China must develop independence and strength in seed technology, President Xi Jinping said while visiting a seed laboratory in Hainan province.
By Chun Han Wong, Wall Street Journal
For one of his newest anticorruption campaigns, Chinese leader Xi Jinping is ordering his enforcers to dig up dirt. This time, he means, literally, the kind in the ground.
The Communist Party’s top disciplinary body–after punishing graft in the military, domestic security organs and the financial sector–is now hunting officials, merchants and farmers it suspects of harvesting illicit profits from trade in grains and seeds. The body is one of the busiest and most powerful agencies in China, tasked with imposing control in areas that Xi considers his top priorities.
Tasked with being more forceful in safeguarding the nation’s “seed security,” authorities have investigated dozens of cases involving seed-related misconduct and, in several instances, imprisoned grain-sector officials on corruption charges, according to government disclosures and state media reports. Meanwhile, local governments are directing their own crackdowns on “seed sector corruption,” sending cadres into the countryside to educate farmers and flush out offenders.
Senior Chinese lawmakers also are reviewing a proposed food security law, which would set legal frameworks for safeguarding food production and supplies, developing cutting-edge seed technologies and punishing misconduct that jeopardizes food safety and national security, according to a draft issued in late June by China’s national legislature.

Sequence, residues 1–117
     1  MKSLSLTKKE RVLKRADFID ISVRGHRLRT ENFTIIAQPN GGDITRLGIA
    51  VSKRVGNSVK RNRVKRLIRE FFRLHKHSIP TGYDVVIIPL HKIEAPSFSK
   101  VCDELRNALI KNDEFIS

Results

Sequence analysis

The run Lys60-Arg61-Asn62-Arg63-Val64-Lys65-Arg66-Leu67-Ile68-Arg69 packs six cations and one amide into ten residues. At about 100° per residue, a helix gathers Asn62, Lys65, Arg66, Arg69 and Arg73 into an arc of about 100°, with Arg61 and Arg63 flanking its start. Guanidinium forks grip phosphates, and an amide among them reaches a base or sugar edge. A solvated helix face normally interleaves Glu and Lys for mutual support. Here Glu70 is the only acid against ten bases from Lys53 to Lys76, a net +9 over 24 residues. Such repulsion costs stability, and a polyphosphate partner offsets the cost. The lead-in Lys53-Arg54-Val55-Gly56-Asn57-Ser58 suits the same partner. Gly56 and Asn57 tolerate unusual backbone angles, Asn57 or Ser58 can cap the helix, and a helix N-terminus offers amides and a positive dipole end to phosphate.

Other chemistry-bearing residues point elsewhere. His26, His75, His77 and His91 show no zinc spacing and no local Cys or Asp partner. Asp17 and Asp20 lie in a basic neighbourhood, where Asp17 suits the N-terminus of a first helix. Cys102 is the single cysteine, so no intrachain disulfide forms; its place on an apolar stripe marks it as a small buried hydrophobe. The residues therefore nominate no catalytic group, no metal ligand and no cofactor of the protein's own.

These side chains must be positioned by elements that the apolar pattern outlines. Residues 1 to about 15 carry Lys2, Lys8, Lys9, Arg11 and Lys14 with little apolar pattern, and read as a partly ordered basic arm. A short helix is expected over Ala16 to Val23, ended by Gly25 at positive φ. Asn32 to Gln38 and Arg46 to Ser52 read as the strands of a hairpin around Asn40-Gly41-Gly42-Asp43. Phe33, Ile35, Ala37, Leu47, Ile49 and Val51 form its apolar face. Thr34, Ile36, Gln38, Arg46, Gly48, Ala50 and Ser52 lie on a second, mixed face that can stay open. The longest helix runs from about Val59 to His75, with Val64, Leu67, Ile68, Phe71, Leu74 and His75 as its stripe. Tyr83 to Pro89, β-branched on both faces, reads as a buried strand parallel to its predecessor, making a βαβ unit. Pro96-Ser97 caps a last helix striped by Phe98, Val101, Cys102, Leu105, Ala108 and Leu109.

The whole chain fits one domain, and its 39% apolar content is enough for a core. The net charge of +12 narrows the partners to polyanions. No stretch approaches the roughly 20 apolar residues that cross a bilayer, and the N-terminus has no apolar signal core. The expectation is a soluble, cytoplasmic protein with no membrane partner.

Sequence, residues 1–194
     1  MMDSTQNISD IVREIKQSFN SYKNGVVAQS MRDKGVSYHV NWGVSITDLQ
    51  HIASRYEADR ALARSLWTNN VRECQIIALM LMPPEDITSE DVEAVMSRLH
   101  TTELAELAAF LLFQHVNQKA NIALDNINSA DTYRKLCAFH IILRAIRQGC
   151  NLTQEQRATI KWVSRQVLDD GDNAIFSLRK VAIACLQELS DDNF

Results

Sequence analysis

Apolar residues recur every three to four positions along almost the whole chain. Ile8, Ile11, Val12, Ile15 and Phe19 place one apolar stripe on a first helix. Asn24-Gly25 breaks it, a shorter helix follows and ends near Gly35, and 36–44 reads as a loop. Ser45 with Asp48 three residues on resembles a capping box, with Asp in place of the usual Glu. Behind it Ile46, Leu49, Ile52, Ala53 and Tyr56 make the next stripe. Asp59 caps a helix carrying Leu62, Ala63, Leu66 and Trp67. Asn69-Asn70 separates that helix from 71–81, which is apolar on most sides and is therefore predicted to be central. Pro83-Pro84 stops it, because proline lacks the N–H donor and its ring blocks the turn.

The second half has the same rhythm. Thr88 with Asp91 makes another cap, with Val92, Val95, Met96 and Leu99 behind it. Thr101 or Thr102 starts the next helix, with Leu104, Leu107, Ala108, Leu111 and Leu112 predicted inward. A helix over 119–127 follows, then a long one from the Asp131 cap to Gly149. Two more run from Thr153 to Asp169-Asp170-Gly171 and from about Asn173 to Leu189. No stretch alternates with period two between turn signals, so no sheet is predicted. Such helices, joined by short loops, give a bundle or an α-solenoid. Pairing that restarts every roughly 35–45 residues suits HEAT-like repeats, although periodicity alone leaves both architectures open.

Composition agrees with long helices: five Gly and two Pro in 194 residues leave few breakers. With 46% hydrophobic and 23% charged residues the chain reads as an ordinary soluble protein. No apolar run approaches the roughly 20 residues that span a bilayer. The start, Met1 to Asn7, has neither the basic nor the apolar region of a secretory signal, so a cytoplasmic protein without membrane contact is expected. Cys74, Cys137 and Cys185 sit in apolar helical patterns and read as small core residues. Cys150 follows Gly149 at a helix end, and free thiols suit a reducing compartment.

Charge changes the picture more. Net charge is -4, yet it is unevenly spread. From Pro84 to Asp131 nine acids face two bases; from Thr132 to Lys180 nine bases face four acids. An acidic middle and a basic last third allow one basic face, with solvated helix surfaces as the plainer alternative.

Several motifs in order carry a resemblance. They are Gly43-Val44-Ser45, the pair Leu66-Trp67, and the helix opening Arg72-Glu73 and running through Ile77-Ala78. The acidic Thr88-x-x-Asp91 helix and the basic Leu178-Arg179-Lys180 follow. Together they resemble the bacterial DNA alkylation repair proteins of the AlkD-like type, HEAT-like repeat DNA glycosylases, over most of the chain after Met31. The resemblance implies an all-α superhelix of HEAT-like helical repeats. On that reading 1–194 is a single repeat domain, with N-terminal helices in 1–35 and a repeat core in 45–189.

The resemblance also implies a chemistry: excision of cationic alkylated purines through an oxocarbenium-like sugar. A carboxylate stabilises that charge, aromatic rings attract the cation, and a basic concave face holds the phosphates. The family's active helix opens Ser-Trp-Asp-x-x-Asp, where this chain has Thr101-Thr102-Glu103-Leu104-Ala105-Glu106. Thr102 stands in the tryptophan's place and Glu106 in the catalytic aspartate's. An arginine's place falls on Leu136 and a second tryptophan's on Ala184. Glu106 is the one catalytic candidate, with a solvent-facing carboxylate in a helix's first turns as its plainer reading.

Officials say the goal is to stop the proliferation of fake and substandard seeds that could jeopardize food production and safety, while punishing officials, merchants and farmers who siphon agricultural subsidies and peddle low-grade seeds.
Xi has often highlighted food security as a national interest, calling on officials to ensure that China can fully nourish its 1.4 billion people. His demands have taken on greater urgency in recent years as he pushed to prepare his country for a potential confrontation with the U.S.–a major source of Chinese grain imports, including soybeans and corn–and forestall disruptions to food supplies for one of the world’s most populous nations.
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Officials call the seed-breeding base in the island province of Hainan the ‘Silicon Valley’ of China’s seed industry.